June 11, 2021
Whether it’s modernizing infrastructure, reshoring industry and...
The United States must remain proactive as the global demand for mineral resources increases. A recent report from the U.S. Geological Survey revealed that the United States’ mineral production increased by 3% in 2019. Throughout the year, $86.3 billion tons of minerals were mined in the U.S. – more than a $2 billion increase from 2018. Despite this positive trend, the U.S. remains unable to meet all its mineral resource needs for launching infrastructure projects, maintaining national security and developing new technologies.
According to the report, the United States is 100% reliant on imports for 17 minerals and more than 50% import-reliant for another 29. With growing demands for minerals, lawmakers are once again looking for ways to reduce this reliance on foreign nations for minerals critical to national defense, transportation, health care, energy and technology.
On February 27, 2020, the American Energy Innovation Act (AEIA) was introduced in Congress by U.S. Senators Lisa Murkowski, R-Alaska, and Joe Manchin, D-W.Va. and outlines a path toward a simpler regulatory process, a stronger domestic minerals mining industry, and ultimately, a stable domestic supply chain.
The Senate’s AEIA plans are designed to help alleviate the United States’ mineral import reliance, featuring reforms that Sen. Lisa Murkowski has long advocated for.
“It can be reversed, but it has to come with prioritization by an administration, a prioritization by the Congress, a prioritization by the industry. We need to be able to provide industry again with that level of certainty to provide them with just a little bit of help when it comes to the permitting process.”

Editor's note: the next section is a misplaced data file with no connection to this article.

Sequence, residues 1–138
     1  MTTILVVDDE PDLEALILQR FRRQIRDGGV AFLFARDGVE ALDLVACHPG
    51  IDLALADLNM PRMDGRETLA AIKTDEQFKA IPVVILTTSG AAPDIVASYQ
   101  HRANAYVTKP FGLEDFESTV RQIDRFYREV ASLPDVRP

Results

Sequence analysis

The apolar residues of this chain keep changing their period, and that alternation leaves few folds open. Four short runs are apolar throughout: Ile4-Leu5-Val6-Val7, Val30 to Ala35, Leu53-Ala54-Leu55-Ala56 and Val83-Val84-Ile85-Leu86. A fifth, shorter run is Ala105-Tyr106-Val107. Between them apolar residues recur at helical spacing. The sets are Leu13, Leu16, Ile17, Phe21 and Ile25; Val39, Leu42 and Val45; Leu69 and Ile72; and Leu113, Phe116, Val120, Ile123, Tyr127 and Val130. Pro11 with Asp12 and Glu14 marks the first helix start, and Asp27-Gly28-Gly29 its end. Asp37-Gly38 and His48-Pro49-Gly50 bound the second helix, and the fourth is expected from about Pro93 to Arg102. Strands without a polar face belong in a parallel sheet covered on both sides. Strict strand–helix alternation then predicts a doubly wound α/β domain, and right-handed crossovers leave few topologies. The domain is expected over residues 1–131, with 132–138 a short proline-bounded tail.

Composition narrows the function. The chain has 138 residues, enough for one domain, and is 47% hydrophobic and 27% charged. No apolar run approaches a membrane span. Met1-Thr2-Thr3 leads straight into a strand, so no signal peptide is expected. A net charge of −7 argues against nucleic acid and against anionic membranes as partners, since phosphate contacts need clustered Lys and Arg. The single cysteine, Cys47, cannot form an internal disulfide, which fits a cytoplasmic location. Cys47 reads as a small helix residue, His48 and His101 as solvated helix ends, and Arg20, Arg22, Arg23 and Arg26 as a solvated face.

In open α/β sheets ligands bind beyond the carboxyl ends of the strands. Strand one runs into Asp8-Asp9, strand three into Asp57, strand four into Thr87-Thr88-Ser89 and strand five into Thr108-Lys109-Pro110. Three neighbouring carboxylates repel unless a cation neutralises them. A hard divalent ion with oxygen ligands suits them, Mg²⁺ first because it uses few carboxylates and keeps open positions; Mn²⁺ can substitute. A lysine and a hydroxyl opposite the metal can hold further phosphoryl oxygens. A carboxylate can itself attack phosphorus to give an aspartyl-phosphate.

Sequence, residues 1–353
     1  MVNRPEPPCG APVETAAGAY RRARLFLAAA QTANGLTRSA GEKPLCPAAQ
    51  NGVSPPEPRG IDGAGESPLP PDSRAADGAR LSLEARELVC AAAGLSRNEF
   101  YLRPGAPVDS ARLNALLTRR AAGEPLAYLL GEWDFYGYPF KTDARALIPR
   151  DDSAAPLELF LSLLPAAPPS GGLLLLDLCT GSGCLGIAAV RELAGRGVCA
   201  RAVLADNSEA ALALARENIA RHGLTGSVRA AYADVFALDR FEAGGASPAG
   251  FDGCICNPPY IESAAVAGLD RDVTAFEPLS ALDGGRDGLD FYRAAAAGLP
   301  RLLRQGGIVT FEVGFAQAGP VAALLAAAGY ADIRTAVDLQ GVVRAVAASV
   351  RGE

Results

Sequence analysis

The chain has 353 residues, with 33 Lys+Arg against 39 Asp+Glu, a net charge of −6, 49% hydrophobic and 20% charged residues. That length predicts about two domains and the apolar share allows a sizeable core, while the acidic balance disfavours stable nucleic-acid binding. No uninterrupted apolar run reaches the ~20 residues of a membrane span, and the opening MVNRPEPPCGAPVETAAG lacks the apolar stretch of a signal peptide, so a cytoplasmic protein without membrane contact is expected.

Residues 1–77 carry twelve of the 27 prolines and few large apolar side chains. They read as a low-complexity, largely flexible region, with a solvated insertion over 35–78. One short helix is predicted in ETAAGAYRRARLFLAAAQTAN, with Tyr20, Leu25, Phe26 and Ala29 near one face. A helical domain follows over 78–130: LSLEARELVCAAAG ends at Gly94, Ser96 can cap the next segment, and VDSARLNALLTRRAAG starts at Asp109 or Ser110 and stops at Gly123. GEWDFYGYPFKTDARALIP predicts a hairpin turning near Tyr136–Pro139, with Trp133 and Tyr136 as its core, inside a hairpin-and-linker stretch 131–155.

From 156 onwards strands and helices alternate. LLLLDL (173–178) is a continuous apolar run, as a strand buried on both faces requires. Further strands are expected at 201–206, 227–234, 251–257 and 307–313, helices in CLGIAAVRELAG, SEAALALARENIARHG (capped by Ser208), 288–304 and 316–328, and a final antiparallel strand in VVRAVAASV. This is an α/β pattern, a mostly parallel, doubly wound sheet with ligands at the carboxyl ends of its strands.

– Sen. Lisa Murkowski (R-Alaska)
Another major legislative goal currently gaining traction includes the Council on Environmental Quality’s proposed changes to the National Environmental Policy Act (NEPA). Currently, it can take up to a decade to obtain the proper permit for a new mine due to lengthy paper documentation and a lack of coordination between federal agencies. With common-sense updates, an environmental review can become more cost and time effective.
As the need for minerals continues to increase, the laws surrounding mining need to be reevaluated and reformed to ensure a stable supply chain. Findings from the latest USGS report reinforce the economic value of domestically produced minerals and the current lack of investment in this critical American industry. An abundant supply of minerals exists within American soil but remains trapped behind convoluted regulations. American policymakers must give these issues proper attention to fix unstable supply chains that leave the U.S. dependent on foreign-supplied minerals.
Learn more about the policies that are preventing America’s mining from reaching its full potential.